@ Traditional Fisheries
Traditional Fisheries swam into the Tank seeking $225,000 in exchange for 25% equity in their business. Let's break this down.
The Problem: Lionfish have become the second most populous fish in the Atlantic Ocean over the past 20 years due to its lack of predators. The fish possesses venomous spines which serve to protect it from attackers, which allows the species to flourish without fear as they consume everything in sight from lobster larva to coral reefs. Our oceans have enough problems as it is, and this fish certainly does not seem to be helping the ecology in any way, shape, or form.
The Proposed Solution: Traditional Fisheries, in conjunction with Mexican spear fishing cooperatives, work to catch these fish one at a time. The fish has been deemed edible and supposedly tastes somewhat like Flounder, and costs consumers roughly the same amount as Sea-bass or Grouper. Promoting the consumption of these fish will increase awareness of the problem at hand and will allow the company to continue harvesting these fish and diminish their population in the Atlantic Ocean.
While it's nice to see people care for the ecology and the survival of ocean life, it's sad to see people pitch horrible ideas to investors. And in my opinion, this was a horrible idea pitched to investors. Traditional Fisheries' goal is to solve an ecological problem, as we established. They want to essentially introduce a new food into the market with the hopes that it will take off and sell enough to sustain their business and solve this problem. However what they don't realize is the cost of doing this in the first place. Educating America to eat Lionfish to help solve a problem is probably impossible. We live in a country where fast-food business franchises are too many to count and where people buy and eat what they desire in the here-and-now. We live in a country where- despite the rising rates of obesity and unhealthy living habits- we do as we please to instantly gratify ourselves in every way possible. Therefore the idea of trying to educate such a country to consume fish in order to help out the ecology is ludicrous and insane! It's hard enough getting the country to eat healthy foods to benefit themselves and their families, how much more so would it be to try and convince them to eat in order to benefit and protect ocean life.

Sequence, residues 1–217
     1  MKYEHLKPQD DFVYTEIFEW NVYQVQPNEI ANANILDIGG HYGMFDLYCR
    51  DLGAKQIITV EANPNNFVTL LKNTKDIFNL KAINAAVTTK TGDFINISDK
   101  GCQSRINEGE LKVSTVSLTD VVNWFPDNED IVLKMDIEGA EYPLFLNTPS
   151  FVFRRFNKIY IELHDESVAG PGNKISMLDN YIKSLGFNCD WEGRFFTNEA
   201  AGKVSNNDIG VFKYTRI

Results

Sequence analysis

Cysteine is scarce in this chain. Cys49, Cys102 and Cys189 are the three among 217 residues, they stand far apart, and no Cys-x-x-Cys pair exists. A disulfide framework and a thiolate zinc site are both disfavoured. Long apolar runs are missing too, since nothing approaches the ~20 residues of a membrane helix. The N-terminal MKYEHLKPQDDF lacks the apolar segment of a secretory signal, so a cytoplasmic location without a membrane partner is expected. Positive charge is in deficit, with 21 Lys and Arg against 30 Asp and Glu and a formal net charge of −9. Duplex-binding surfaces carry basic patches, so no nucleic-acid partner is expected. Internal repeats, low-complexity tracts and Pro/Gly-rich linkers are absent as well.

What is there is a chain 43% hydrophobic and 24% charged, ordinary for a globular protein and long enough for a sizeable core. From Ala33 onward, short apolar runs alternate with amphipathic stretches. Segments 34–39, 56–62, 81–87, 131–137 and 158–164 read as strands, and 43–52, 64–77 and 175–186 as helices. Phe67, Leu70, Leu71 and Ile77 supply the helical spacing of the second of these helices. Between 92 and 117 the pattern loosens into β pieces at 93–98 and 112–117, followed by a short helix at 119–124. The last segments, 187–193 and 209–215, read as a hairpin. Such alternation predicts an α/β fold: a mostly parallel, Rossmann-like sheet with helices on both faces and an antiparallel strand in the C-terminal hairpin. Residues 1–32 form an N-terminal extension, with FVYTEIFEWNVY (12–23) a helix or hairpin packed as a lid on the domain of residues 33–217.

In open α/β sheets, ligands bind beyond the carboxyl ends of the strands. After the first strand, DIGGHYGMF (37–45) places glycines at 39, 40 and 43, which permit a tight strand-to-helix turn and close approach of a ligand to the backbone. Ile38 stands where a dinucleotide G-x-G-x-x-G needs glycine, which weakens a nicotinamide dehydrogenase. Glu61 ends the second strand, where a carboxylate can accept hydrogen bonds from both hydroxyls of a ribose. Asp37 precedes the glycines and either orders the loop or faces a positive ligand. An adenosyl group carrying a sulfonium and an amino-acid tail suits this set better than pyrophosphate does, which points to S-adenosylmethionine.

So while the Sharks pretty much all dropped out because they felt that the educational challenge would cost a lot more than $225,000 to conquer, I believe there is a much larger challenge Traditional Fisheries face. They are living in a fantasy world where people act with the future in mind and care about the consequences of their actions. The harsh reality though is that while this is certainly something to strive for individually and collectively, America has not reached this level yet. We are still a country of people who "live the life" and seek instant gratification to appease our desires of the here-and-now. We don't go to restaurants and order food that will help the ecology, we go to restaurants and pig out on whatever we feel like eating. Many times we regret what we eat later on in the day, the year, or our lives, but like everything else we don't let that impact or decisions in the future. People do all sorts of stupid things early on in their lives only to regret them severely later on. And before this country will even begin to care about what's going on down in the deep caves of the Atlantic, they have to first change mindsets and care enough about what will go on later in their own lives. Promoting this change is therefore something that will take many years and tons and tons of money, and most definitely a lot more manpower than two men on a fishing boat. Again, while it's nice to see people care for the ecology and the survival of ocean life, it's sad to see people pitch horrible ideas to investors. Especially a fish business to Sharks. Overall Performance: 2